There have of course been many Jews who have done, and continue to do, amazing work in this field, and this trend has been growing as this issue becomes more public. In the Colorado bakery case listed above, for instance, there were several Jewish legal briefs filed in support of the bakery, from groups including the Orthodox Union, Agudath Israel, COLPA and Jews for Religious Liberty. But there still are not enough resources committed to this rapidly escalating battle. It is time for the Jewish community to recognize the assault on religious liberty as a crisis that does not threaten merely a few Orthodox practices, but all American Jews.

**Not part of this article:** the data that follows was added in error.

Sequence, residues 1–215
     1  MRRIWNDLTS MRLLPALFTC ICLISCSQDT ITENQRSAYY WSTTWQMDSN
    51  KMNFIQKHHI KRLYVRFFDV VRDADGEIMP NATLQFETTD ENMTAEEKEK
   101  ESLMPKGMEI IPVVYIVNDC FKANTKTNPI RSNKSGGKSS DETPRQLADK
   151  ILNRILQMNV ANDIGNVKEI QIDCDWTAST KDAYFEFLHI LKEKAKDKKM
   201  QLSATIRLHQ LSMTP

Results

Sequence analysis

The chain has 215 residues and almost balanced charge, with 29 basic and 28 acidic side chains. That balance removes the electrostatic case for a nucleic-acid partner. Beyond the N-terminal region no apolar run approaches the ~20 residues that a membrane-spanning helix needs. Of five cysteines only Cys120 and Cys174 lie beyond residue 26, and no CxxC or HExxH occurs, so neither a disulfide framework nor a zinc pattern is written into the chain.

We are often reminded of Jews’ role at the forefront of fighting for the rights of others. Take the Civil Rights movement of the 1960s for instance. Some would argue that Jews have a special reason to engage in these battles, not merely because they are just, but because a government that persecutes one minority group today could go after Jews tomorrow. In this current fight, one need not even argue that Jews are next – as the lawsuits over kapparot and shechitah demonstrate. Jews ought to understand that, even if they don’t swing chickens around their heads before Yom Kippur, and even if they don’t keep kosher, they should care about their religious freedom as Jews. And in this case, guarding our own freedom necessarily also requires caring about the religious rights of Catholics, Evangelical Christians, Muslims, Hindus, and anyone else whose First Amendment rights to freedom of religion are being threatened.